As people take to the streets to demand substantial action on climate change, it’s time to take this lesson from the fight against Big Tobacco. Bold action on climate policy is possible only if a stark line is drawn between climate negotiators and the industries driving the crisis: no revolving doors between regulatory positions and corporations, no so-called partnerships with industry that constitute a conflict of interest, no seat at the table in writing the rules of regulation and transparency in all industry engagements with public officials.

Untangle industry involvement

Instead, the fossil fuel industry is deeply involved in and actively influencing climate negotiations. For example, the International Petroleum Industry Environmental Conservation Association (whose members include BP, Chevron, ExxonMobil and Shell, among other major oil and gas companies) has hosted official side events to the COPs, produced their own reports on strategies for adapting to climate change and advised governments on climate policy. Meanwhile, its members are working in direct opposition to reducing global emissions by expanding oil exploration: BP and Shell, for example, are moving into offshore drilling in the Arctic Ocean. Its members have been at the forefront of undermining climate science, with ExxonMobil alone funneling at least $22 million toward climate denial efforts from 1998 to 2011, according to a Greenpeace investigation (PDF).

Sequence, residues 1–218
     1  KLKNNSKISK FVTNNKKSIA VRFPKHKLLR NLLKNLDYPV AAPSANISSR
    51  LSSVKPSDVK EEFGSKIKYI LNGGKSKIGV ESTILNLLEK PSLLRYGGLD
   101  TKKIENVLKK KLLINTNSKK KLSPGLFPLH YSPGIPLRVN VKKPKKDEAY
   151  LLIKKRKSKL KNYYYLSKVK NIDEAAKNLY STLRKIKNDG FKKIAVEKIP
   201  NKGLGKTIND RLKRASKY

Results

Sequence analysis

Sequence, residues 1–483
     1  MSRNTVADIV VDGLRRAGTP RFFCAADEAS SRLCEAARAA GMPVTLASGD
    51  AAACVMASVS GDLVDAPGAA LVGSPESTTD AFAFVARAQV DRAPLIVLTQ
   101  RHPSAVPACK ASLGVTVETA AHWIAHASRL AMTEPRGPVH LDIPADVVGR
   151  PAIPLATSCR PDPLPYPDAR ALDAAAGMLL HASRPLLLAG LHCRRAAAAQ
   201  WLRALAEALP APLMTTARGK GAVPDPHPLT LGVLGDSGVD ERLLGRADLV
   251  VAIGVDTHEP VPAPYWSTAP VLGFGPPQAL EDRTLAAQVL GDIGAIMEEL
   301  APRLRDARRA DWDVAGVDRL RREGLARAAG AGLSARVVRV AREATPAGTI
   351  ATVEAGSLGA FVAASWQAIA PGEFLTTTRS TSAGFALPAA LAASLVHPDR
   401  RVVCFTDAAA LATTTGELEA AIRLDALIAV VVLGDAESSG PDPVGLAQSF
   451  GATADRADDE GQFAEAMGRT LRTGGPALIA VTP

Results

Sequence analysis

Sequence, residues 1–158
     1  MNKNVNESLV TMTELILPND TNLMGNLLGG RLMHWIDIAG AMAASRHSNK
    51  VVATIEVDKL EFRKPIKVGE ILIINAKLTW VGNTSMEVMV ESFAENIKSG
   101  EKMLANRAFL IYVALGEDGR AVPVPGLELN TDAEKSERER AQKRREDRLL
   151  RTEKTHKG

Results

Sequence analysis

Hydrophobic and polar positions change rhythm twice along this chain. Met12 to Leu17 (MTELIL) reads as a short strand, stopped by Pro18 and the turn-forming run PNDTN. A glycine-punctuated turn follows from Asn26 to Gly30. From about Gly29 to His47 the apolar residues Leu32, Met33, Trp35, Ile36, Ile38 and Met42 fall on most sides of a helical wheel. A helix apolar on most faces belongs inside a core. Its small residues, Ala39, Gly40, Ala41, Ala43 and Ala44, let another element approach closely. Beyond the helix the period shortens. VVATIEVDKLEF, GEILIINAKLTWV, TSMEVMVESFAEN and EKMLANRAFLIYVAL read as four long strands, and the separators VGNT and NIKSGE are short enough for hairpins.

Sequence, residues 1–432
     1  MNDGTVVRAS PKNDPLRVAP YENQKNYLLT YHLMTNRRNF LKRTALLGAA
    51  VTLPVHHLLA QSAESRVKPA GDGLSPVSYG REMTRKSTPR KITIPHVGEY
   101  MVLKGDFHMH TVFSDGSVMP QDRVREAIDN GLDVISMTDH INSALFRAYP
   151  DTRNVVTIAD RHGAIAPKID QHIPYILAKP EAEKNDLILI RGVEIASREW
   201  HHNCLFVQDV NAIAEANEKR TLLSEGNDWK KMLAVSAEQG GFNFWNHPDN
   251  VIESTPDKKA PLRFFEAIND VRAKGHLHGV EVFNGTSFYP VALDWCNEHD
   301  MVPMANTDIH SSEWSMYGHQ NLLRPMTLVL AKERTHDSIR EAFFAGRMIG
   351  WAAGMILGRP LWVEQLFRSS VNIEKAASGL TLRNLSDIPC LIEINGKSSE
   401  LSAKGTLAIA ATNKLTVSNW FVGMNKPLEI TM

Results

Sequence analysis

Last year’s COP19 in Poland saw the participation of the World Coal Association (whose members include General Electric, Rio Tinto and Glencore), including partnering with the Polish Ministry of Economy on an international coal summit to convince U.N. negotiators to embrace coal as a solution to climate change. Out of this partnership came the Warsaw Communiqué, which promotes so-called clean coal, a process that critics point out is no less polluting than standard coal production and is just “a blunt attempt to keep the coal industry in business while governments and taxpayers continue to foot the bill for the damage it causes.”

At 2011’s COP17 in Durban, South Africa, the Carbon Capture and Storage Association, made up of fossil fuel and power companies such as Shell, GDF Suez and Siemens, lobbied for and won carbon capture credits for new coal plants, even though carbon offsets for dirty coal are known to be ineffective at reducing emissions.